It's a pain in the butt. Crypto cards/keys, etc. are never where you need them. They get munged, seem to need to be reset about every 6 weeks, are not made for fat fingered people; on and on. A universal one-time password authentication system for use at all DOE sites would be the best of a bad thing. Lets face it : multiple passwords for multiple sites requiring frequent change, just invite Post-Its on displays; or a pocket note book page...

I detest one time passwords, but I think that they may be necessary to keep hackers off our very expensive resources. It would be a great help to me if NERSC, LANL, NCAR, and ORNL all used the same CrypotCARD access so that my single CryptoCARD could be used for all the computers I work on.

If you're going to use RSA securID tags, please find a way to make then distinctive. I already have one, and having two is just a pain if they look identical. I suspect I'm not the only use in that situation.

I already have two OTP keys to carry around, for LLNL and PNNL. I do not want a third one! If the DOE sites can get together and use a single OTP key for all sites, that would be progress.

One-time password tokens are used at LLNL and work fine. Having multiple one-time password tokens to keep track of might be a hassle.

OTPs complicate access for me since I have to carry the token to wherever I'm working. Also, if I had more than one token, as some people in my group do, there might be some minor problem confusing one for the other.

Important to try to coordinate with "trusted" sites, e.g. other national labs, to accept their OTP tokens - a nuisance to carry around a stack of devices. Note that it might be a one-way agreement; they need not accept NERSC-issued tokens for this to be a big help.

There is only one disadvantage: one more secure card to carry !

If this refers to kerberos/SecureID based authentication, I use this to access DoD accounts. It works fine, but since I do a great deal of work at home at in the office, I must remember to carry the ID card back and forth. If I had to carry more than one of these, this would be annoying, and the chances increase tremendously that I couldn't do my job because my card is elsewhere.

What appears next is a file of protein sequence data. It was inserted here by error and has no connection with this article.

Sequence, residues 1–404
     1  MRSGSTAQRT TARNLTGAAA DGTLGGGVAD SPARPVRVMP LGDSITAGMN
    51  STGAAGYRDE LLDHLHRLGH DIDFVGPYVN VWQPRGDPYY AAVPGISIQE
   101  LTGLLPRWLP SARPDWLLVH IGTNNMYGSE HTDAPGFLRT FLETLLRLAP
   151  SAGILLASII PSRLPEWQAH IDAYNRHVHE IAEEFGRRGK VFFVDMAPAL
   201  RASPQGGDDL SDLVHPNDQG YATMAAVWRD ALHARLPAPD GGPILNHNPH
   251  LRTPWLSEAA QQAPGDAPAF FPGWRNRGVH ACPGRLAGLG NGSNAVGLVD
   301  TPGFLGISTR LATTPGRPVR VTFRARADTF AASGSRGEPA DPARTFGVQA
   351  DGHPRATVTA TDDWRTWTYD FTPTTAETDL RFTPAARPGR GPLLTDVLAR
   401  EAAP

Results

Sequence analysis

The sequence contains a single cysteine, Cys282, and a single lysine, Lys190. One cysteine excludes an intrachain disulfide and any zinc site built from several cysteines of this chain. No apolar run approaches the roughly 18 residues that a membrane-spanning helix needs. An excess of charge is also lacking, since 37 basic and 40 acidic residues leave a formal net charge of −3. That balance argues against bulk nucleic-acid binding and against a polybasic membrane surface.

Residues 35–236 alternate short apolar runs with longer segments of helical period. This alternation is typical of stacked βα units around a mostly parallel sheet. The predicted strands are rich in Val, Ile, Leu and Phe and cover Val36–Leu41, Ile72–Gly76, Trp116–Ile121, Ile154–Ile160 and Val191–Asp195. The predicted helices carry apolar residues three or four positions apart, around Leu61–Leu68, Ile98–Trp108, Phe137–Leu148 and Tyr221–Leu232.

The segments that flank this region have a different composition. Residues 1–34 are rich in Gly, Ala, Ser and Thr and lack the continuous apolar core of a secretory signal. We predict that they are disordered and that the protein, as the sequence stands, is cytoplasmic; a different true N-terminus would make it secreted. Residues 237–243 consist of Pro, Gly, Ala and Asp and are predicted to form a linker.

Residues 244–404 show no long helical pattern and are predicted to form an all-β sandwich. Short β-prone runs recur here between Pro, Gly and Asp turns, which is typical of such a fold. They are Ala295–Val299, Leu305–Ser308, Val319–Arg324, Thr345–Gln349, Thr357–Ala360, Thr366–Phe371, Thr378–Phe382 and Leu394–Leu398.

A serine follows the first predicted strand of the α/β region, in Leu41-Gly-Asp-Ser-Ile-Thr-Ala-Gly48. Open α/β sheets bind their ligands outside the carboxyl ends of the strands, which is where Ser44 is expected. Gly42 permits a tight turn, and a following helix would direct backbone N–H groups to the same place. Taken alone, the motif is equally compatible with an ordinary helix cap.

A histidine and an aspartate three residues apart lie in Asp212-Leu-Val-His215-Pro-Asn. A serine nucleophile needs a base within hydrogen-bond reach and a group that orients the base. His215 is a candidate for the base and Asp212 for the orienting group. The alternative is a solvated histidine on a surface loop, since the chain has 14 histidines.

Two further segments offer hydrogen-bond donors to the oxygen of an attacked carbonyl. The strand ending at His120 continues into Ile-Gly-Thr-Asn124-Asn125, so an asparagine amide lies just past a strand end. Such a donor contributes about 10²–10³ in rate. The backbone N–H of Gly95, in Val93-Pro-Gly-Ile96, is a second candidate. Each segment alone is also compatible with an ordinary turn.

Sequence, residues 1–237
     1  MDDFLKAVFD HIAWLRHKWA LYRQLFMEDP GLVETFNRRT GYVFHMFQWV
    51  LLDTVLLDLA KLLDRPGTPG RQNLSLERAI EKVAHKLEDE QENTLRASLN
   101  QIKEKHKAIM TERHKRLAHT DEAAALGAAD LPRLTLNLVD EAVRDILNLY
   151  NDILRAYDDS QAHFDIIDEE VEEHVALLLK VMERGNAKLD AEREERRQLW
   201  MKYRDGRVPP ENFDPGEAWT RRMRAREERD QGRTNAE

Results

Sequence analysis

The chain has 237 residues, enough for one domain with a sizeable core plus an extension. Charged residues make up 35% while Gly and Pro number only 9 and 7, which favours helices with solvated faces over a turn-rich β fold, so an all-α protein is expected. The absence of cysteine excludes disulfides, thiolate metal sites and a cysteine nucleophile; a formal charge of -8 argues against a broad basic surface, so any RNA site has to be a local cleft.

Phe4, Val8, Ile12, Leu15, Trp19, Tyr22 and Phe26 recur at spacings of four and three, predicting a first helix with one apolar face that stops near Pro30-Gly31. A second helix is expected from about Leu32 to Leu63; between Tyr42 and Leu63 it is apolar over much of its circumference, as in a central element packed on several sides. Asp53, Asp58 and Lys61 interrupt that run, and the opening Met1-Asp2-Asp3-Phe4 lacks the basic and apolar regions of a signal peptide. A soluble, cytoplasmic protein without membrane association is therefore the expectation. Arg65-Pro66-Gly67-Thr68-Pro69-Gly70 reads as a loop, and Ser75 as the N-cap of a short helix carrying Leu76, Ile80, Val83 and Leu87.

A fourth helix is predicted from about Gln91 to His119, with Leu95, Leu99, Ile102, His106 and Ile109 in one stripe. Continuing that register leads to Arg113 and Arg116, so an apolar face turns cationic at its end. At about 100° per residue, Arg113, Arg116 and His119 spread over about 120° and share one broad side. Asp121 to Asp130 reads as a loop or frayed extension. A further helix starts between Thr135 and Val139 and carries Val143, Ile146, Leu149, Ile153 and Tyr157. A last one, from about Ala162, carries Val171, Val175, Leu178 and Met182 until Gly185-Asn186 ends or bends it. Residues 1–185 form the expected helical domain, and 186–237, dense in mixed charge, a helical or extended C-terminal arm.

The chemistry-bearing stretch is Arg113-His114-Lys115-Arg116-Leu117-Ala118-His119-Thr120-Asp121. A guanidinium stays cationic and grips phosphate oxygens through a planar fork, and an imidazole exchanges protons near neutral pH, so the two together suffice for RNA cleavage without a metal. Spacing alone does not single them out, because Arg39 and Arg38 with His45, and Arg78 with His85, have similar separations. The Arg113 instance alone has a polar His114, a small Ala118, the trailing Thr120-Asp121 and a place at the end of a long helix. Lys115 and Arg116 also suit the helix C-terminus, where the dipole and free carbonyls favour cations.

You should do this / works at our site:   7 responses

I have no problem using the RSA SecurID for Livermore. If you were to implement it, I would be happy to do it if it makes Seaborg safer.

One-time password authentication provides more secure connection to NERSC, it is very critical and important.

Increases security at LLNL

I think it is very secure

works fine for me

Connect to fnal.

The PNL SecurID method works ok.

If it is implemented in a convenient way:   6 responses

Getting a key that would last for a good fraction of a day seems to work for me. However, some sites give you password that expires in a few mins, but that's extremely counter-productive.

Simply to make sure that change is managed in a timely fashion with regard to academic researchers sometimes being away or being more or less active at certain times.

It is very important to have some way for users to log in if they lose their password generator. The machine operators should have some way of helping such users since they are the only group that has someone available around the clock.

It will need to be integrated with single sign-on for grid services.

One time password will only be useful if they are well integrated into Grid usage.

1. Minimize the number of passwords that need to be entered to access the site.
2. Have some procedure that allows code and data to be migrated from other sites to NERSC without requiring use of a OTP

OK / only a minor nuisance:   5 responses

They are only a minor nuisance.

It will not change the way I work if NERSC introduces one-time password authentication to improve security, it is just a small nuisance.

SecureID tokens work fine but you do have to carry them with you at all time...

Sure, it is a bit onerous, but I think using one-time passwords at NERSC would be a completely understandable step in improving security.

It has been working for my case. There are some inconvenience, namely to constantly keep in mind to put it in a safe place, I do not dare to take it with while I travel.

Don't know / other:   5 responses

I don't know how this works, nor how much of a nuisance it'll be.

Don't know what one-time password means. I think constant forced change of password is of little value.

Not sure what one-time password is about.

No comment as no prior experience.

I think NERSC is doing a superb job in this area.